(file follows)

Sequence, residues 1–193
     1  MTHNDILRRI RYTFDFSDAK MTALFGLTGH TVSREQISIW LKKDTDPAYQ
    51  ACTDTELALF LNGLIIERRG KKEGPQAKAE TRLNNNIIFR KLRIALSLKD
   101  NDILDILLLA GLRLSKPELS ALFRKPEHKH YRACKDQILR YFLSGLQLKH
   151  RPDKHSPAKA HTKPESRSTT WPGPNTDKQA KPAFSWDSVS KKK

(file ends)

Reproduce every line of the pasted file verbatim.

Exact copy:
Sequence, residues 1–193
     1  MTHNDILRRI RYTFDFSDAK MTALFGLTGH TVSREQISIW LKKDTDPAYQ
    51  ACTDTELALF LNGLIIERRG KKEGPQAKAE TRLNNNIIFR KLRIALSLKD
   101  NDILDILLLA GLRLSKPELS ALFRKPEHKH YRACKDQILR YFLSGLQLKH
   151  RPDKHSPAKA HTKPESRSTT WPGPNTDKQA KPAFSWDSVS KKK